Atlas of Indo-European strategy4 min read . Updated: 19 Dec 2010, 10:21 PM IST
Atlas of Indo-European strategy
Atlas of Indo-European strategy
Take a map and draw a straight line from New Delhi to Brussels, where Prime Minister Manmohan Singh attended the annual European Union (EU)-India Summit on 10 December. The line cuts through a swathe of international trouble-spots: Afghanistan, Pakistan, Iran and the Caucasus.
Now trace the sea routes running from India to Europe, skirting the Gulf, Somalia (assuming that you can get past the pirates), Yemen and Sudan. India and the EU sit on either side of the most unstable regions on the planet. They should have a lot to discuss.
Yet, to nobody’s surprise, the Brussels summit skipped some of these issues and soft-pedalled others. One day, the challenges in Central Asia, the Middle East and the Horn of Africa may push the EU into a real strategic dialogue with India. That day just wasn’t Friday the 10th.
The summit was not useless. It resulted in a joint declaration on international terrorism full of good, if cautiously-worded, ideas on cooperation, including better information-sharing and testing the possibility of an extradition agreement. And the meeting injected overdue momentum to talks on a free trade agreement, slated for sign-off in the spring.
Indian officials will have been pleased by a few other diplomatic signals from the EU. The two sides’ joint statement calls on Pakistan to bring those behind the Mumbai attacks to justice. Unlike the 2009 summit’s statement, it mentions neither Myanmar nor the UN’s benighted Human Rights Council, standard sources of Indo-European dissension.
These omissions are tacit European acknowledgments of India’s newfound strength. But the statement treads lightly on areas where the EU and India should be having vastly more serious discussions. The two sides emphasized “their common interest in a stable, peaceful and inclusive Afghanistan", but had little to say on how they hope to get there.
Iran merits just one sentence—again on the anodyne side. This is striking because the EU’s foreign policy chief Catherine Ashton led talks with the Iranians on their nuclear programme earlier this month. With India about to take a seat on the United Nations Security Council, a stronger statement of shared priorities on Iran would have been a useful diplomatic tool.
Perhaps there just wasn’t enough common ground on the issue. Other major items on the Security Council agenda—such as the looming crisis in Sudan and ongoing instability in the Democratic Republic of Congo—go entirely unmentioned. A vague commendation of security cooperation in support of the United Nations is included, but it lacks any identifiable teeth.
By contrast, this year’s statement found room to note a new cultural agreement and promises a memorandum of understanding on statistics. These are doubtless useful, as are the numerous commercial agreements the document mentions. But on the strategic front, there is no real sense of shared interests, with the important exception of terrorism.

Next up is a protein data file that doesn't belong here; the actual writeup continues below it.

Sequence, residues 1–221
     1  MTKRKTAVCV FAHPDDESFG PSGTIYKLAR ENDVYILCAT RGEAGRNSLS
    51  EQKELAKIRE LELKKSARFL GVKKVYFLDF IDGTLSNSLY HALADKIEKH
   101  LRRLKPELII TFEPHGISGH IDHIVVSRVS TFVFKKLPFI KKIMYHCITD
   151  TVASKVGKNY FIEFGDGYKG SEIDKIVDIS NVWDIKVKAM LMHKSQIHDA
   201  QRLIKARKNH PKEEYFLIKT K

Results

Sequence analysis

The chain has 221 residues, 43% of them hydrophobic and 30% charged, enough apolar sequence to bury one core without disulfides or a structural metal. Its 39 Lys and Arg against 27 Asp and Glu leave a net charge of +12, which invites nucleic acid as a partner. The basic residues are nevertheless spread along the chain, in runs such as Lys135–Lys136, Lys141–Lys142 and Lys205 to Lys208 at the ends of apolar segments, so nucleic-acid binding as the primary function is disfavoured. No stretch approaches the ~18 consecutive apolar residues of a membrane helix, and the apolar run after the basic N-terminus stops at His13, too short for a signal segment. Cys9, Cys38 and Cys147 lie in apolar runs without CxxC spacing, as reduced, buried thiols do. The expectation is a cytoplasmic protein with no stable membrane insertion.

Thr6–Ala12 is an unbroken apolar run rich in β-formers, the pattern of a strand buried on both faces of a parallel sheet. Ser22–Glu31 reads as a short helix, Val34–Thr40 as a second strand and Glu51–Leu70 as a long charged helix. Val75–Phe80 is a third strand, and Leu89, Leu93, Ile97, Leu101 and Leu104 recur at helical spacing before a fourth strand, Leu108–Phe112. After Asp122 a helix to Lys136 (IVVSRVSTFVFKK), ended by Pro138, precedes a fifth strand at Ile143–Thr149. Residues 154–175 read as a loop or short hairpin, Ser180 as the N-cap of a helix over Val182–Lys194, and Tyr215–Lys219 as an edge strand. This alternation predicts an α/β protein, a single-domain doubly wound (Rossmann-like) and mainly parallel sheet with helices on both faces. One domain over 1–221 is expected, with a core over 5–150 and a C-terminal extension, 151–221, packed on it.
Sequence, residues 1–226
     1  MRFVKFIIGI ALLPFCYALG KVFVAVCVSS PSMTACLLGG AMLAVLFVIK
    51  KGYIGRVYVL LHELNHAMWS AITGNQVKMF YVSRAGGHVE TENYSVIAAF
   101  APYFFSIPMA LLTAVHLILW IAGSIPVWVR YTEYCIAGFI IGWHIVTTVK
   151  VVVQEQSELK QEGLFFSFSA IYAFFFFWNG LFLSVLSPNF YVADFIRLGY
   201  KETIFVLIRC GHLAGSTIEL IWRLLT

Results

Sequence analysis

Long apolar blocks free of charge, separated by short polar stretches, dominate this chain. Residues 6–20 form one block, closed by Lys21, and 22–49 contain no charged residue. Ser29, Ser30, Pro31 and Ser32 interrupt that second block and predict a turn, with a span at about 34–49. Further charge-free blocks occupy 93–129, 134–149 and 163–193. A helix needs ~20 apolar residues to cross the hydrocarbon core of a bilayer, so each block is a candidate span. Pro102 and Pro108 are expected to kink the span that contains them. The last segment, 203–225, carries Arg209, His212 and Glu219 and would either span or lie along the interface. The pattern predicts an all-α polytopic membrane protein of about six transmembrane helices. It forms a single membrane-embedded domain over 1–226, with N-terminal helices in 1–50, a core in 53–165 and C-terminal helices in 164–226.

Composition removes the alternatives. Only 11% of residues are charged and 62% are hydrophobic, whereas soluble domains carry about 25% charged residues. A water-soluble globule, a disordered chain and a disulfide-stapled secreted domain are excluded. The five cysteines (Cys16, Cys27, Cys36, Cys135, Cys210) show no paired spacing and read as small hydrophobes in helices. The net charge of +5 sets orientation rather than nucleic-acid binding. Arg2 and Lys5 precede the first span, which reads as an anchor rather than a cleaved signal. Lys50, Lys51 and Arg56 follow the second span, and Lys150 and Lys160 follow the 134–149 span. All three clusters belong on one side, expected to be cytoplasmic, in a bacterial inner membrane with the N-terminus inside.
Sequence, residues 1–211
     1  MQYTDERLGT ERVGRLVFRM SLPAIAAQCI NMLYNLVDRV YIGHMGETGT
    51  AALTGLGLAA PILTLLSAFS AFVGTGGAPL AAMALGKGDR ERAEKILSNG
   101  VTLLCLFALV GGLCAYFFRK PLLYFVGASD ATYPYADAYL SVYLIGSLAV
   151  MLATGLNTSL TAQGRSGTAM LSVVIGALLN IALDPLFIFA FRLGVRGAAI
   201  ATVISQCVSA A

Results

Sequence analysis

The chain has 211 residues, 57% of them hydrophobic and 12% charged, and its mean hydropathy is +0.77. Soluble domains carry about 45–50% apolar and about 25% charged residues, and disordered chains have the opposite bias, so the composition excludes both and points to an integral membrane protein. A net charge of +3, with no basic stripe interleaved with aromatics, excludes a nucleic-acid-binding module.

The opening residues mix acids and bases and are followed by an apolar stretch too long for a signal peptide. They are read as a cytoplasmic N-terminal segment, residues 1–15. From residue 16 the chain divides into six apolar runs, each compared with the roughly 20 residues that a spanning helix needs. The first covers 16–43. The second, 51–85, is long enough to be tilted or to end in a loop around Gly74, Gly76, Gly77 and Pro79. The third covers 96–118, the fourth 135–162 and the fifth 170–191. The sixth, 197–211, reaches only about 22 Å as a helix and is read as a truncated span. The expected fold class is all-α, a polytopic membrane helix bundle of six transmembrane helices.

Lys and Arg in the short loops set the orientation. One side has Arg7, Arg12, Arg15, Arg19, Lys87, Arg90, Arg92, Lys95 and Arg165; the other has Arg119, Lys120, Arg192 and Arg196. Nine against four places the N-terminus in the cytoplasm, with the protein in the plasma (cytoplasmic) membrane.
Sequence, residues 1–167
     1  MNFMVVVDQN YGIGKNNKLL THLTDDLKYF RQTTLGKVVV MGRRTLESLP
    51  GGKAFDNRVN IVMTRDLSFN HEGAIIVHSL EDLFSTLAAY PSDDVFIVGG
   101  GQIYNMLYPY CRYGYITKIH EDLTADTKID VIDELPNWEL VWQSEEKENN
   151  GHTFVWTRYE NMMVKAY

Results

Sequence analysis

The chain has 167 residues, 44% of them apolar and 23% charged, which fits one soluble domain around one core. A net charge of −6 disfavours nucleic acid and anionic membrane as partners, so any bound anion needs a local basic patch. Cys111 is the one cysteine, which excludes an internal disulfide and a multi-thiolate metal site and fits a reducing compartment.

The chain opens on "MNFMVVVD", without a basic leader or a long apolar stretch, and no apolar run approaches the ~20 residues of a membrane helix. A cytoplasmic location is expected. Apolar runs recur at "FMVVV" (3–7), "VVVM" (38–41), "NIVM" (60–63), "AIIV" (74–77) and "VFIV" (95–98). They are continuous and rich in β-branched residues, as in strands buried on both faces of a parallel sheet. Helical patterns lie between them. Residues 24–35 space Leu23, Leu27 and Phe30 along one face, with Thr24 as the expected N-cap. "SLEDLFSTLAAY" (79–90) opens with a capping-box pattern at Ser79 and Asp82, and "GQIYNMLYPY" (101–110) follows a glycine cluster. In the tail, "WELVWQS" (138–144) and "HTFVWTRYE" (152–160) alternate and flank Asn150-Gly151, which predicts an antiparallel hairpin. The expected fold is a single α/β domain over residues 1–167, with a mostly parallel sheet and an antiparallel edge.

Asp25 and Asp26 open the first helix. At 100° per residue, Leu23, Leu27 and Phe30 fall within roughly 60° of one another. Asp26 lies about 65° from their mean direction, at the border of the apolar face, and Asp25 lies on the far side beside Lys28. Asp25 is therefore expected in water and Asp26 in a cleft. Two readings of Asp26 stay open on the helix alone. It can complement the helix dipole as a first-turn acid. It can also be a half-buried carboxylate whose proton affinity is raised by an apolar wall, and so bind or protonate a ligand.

That may not be a bad thing. For now, the EU and India may gain more from incremental but solid cooperation on issues such as terrorism and trade rather than sweeping statements of strategic intent. After all, the EU has a nervous tic of promulgating new “strategies" at every possible opportunity. Far too many of them lack substance.
For all that, the EU and India do have shared strategic interests, stemming in large part from the zones of instability that lie between them. A significant escalation of tensions in the Middle East or Central Asia could threaten EU-Indian trade, compromise their energy security and inspire terrorist attacks. The risks of such an escalation are high, especially if Iran continues to pursue a nuclear weapon or the Afghan situation deteriorates further.
A recent report by the European Council on Foreign Relations suggested that the EU, Russia and Turkey should launch a “trialogue" to manage their regional concerns. Expand your geopolitical focus to bring in the Middle East and Central Asia, and India looks like the essential partner for the Europeans and Russians in trilateral security talks.
Perhaps Russia’s President Dmitry Medvedev should be invited to participate in next year’s EU-India summit as a special guest, to discuss joint strategies for tackling issues such as Iran. Or perhaps not —for such an innovation would surely irritate both the US and China.
Nonetheless, Indian and European officials need to find ways to inject a greater degree of strategic seriousness into their ongoing dialogues. There are obvious obstacles. India is unlikely to takes EU entreaties to put pressure on Tehran too seriously while European members of the North Atlantic Treaty Organization (NATO) are looking to exit Afghanistan (along with being nice to Pakistan).
But a glance at the map should remind both European and Indian officials of why they need to cooperate—if they want better economic and political links, they need to address the security challenges and deal with the weak states that litter the roads and sea lanes between them.
Richard Gowan & Sushant K. Singh are, respectively, associate director at New York University’s Center on International Cooperation, and fellow for national security at the Takshashila Institution.
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